Information technology trends have changed drastically in the last 15 years, a lot of it is driven by advancements in consumer products. With the advent of mobile devices/workplace BYOD, Social Media and the explosion of IoT; security management has never been more critical and challenging. Today’s technology-enabled devices are also interacting with business networks, by both external users and those using personal devices for work purposes (BYOD). This produces a need to provide security, network visibility, control, and user visibility, without an exponential increase in required resources.
The evolution has led to the development of what’s being called Next Generation Firewalls. These new security devices provide incredible benefits such as control and visibility of traffic that is entering the firewall ports. In traditional firewalls, ports that are either opened or closed to allow or disallow traffic without considering basic characteristics. The Next Gen FW, administrator have the ability to limit access based on the specific application and content vs accepting or rejecting any traffic based on port numbers.
With a traditional firewall, traffic is accepted based on a designated port and IP address. With NGFW, traffic is accepted based on user ID (not port), IP address, and traffic content. Figure 3 shows an example of the port-based configuration of a traditional firewall.
When comparing how traditional and legacy firewalls assess data to how NGFWs
assess data, note that, in NGFW, the ports are identified by traffic flowing through
them, as well as specific information about the user sending the traffic, the traffic origin,
and the traffic type (content) received.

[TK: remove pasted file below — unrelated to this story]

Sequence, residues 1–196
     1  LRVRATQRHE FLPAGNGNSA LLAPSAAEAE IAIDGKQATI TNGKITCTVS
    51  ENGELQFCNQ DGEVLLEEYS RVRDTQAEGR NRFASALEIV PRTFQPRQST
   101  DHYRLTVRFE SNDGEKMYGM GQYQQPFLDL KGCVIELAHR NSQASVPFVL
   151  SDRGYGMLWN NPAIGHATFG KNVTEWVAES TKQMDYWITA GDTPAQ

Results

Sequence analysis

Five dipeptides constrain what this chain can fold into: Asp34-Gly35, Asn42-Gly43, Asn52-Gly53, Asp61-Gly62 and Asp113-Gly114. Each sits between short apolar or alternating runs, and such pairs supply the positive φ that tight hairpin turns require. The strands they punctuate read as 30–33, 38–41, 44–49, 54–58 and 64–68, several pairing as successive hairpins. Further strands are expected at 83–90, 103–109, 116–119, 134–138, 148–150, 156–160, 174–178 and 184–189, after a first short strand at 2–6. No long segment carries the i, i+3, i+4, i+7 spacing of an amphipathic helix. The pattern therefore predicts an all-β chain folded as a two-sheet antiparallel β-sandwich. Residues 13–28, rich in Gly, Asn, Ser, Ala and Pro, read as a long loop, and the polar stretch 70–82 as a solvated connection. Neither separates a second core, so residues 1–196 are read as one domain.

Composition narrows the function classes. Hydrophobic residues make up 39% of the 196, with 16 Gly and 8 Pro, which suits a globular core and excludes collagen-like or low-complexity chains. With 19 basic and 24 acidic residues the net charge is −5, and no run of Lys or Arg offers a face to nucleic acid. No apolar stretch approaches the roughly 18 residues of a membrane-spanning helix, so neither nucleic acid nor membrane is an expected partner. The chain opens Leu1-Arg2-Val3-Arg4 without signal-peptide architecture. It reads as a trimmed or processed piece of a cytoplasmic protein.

A next generation firewall provides to a range of advanced threats, protecting applications, data and the users. To address today’s concerns, we need the ability to identify and control applications running over a network and integrate an intrusion detection system with deep packet scanning capabilities. Plus, it will also have to verify a user or device’s identity and enforce access policies accordingly.
Here’s a Breakdown of the Features within a NGFW:
The Intrusion Prevention System blocks malicious network activity. Intrusion Detection System
(IDS) detects malicious activity but does not block it. IDS is integrated into IPS technology. IPS has been used as part of edge-based protection as a firewall enhancement; however, it is more effective to tie it into network segregation, enabling protection against both internal and external attacks against critical servers.
Deep Packet Inspection is the act of examining the payload or data portion of a network packet as it passes through a firewall or other security device. DPI identifies and classifies network traffic based on signatures in the payload . It examines packets for protocol errors, viruses, spam, intrusions, or policy violations.